Mugabe’s party holds on to key posts
JOHANNESBURG, South Africa – Zimbabwean President Robert Mugabe has defied a fragile power-sharing deal with the opposition, giving all key Cabinet posts, including the crucial security ministries, to his own party.
The power grab took Zimbabwe by surprise Saturday, less than a month after the deal was signed. Opposition spokesman Nelson Chamisa, whose Movement for Democratic Change has called ruling party control of the police a deal-breaker, called it “a giant act of madness which puts the whole deal into jeopardy.”
Only the Finance Ministry, and the difficult task of cleaning up Zimbabwe’s economic chaos, remained undecided, according to the pro-Mugabe Herald newspaper, which published the details Saturday.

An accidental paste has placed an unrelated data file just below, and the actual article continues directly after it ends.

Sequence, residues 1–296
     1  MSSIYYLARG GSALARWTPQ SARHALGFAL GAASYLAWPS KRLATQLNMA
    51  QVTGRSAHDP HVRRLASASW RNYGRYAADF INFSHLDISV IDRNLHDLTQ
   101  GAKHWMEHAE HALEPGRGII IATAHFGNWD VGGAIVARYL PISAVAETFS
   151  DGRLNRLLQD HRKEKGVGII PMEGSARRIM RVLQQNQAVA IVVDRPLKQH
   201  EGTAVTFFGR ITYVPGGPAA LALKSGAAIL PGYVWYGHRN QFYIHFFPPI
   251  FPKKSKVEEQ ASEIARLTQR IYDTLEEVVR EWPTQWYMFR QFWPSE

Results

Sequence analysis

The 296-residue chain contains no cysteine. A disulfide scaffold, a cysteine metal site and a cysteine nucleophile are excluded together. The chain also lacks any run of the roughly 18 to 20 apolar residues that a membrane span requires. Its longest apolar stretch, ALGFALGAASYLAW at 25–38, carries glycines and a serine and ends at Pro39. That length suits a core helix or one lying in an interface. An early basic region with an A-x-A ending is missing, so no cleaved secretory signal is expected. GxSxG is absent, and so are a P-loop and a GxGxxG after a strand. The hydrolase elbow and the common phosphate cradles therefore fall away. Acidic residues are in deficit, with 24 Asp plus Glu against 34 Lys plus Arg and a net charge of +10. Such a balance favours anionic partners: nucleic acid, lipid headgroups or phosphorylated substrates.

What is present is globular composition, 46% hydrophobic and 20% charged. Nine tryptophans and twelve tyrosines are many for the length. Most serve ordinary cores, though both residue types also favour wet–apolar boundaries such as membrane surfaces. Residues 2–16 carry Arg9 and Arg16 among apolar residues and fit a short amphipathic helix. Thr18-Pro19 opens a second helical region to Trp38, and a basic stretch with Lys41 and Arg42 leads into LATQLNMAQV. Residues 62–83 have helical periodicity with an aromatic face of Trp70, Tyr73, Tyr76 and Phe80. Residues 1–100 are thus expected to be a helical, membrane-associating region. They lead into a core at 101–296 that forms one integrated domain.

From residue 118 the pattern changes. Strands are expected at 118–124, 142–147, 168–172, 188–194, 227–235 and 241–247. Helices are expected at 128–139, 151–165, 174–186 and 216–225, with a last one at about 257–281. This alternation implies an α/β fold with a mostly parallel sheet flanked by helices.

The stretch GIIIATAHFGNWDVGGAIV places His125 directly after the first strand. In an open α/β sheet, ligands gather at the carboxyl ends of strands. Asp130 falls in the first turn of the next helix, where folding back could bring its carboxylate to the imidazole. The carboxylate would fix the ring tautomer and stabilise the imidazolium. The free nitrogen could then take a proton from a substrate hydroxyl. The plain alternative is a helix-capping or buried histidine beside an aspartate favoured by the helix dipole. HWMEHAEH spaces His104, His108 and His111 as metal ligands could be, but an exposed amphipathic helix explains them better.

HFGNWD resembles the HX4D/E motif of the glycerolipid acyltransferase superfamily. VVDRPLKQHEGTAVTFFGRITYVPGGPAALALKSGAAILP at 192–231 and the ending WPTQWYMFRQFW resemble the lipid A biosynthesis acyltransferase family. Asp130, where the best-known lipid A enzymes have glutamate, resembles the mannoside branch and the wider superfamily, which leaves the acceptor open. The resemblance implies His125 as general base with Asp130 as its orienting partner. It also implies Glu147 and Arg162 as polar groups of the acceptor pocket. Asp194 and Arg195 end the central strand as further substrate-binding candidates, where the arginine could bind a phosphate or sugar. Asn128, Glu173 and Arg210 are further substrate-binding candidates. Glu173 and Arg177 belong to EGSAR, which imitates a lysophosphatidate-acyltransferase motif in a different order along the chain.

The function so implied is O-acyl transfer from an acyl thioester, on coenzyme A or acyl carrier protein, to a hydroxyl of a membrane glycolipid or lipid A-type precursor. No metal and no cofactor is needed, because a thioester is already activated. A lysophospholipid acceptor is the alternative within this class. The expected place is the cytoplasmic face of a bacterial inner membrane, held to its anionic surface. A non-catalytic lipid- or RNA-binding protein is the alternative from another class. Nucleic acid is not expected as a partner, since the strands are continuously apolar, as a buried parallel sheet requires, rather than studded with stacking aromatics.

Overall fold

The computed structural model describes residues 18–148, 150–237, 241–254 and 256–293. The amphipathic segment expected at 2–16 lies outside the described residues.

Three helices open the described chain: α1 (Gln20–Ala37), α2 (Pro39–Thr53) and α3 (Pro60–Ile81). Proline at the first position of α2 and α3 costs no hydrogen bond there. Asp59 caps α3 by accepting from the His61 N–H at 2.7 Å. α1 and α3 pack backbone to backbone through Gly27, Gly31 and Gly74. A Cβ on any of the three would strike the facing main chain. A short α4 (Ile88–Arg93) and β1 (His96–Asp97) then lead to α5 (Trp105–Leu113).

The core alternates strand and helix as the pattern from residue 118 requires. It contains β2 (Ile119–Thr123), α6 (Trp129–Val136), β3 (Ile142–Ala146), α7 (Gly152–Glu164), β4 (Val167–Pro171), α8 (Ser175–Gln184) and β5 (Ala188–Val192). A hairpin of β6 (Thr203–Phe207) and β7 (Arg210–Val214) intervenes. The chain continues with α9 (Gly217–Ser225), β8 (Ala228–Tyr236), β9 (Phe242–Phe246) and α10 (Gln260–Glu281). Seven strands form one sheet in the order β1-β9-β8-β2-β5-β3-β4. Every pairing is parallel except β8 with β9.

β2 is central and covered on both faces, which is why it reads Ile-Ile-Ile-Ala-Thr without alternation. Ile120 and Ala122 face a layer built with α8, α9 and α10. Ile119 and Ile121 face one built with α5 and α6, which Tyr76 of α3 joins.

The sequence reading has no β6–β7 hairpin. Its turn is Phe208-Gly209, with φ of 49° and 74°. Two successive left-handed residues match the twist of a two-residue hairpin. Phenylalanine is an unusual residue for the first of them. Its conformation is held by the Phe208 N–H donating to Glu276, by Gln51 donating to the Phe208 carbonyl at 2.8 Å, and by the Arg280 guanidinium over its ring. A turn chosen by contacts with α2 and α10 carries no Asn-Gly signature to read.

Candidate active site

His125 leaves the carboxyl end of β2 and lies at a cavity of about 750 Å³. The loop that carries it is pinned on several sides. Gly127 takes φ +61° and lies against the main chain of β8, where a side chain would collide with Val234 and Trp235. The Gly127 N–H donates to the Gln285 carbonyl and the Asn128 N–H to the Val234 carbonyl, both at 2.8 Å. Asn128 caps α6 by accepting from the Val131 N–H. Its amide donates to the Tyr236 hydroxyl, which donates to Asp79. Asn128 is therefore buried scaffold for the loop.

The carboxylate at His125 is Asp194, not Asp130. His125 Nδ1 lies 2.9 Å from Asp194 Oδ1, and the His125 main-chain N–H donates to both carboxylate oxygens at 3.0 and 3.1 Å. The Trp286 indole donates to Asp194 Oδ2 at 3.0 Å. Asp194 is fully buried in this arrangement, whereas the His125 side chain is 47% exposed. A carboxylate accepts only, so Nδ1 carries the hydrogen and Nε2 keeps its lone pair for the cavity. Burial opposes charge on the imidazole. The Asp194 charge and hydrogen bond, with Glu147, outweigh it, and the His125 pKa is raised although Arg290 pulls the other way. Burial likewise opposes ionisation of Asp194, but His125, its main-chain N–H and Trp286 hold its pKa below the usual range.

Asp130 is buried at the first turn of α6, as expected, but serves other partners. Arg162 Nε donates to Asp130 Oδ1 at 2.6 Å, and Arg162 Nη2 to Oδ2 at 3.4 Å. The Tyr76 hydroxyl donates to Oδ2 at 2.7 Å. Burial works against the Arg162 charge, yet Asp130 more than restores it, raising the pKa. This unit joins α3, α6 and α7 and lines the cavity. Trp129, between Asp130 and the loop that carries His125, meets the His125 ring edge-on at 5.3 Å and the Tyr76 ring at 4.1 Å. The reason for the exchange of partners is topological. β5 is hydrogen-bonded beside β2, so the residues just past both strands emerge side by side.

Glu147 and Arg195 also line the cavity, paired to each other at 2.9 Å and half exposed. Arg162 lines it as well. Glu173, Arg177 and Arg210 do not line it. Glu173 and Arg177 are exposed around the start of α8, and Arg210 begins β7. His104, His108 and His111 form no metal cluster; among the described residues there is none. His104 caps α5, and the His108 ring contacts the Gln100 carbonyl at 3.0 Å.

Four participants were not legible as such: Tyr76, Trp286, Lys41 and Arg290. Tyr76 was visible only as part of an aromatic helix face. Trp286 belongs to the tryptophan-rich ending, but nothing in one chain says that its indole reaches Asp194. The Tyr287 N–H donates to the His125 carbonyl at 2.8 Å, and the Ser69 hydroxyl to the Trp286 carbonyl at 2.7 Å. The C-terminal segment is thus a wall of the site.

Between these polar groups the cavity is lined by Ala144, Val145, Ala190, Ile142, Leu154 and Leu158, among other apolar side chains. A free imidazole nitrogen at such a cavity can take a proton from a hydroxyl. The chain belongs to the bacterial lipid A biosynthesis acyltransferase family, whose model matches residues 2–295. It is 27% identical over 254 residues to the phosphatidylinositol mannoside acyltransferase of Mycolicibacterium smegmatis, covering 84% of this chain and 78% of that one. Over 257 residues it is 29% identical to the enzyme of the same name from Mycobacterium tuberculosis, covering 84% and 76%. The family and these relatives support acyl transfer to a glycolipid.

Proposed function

The move meant that Mugabe, 84, and his ZANU-PF party would retain their iron grip on the country after 28 years in power. It follows reports that top security chiefs told Mugabe in a recent meeting not to give control of the army, intelligence or police to the opposition.
ZANU-PF took 14 ministries, including defense, justice, information, foreign affairs and the powerful local government ministry. It also took mines – the key to the one remaining source of wealth in Zimbabwe, mainly diamonds and platinum – and land. Two opposition parties were given minor posts.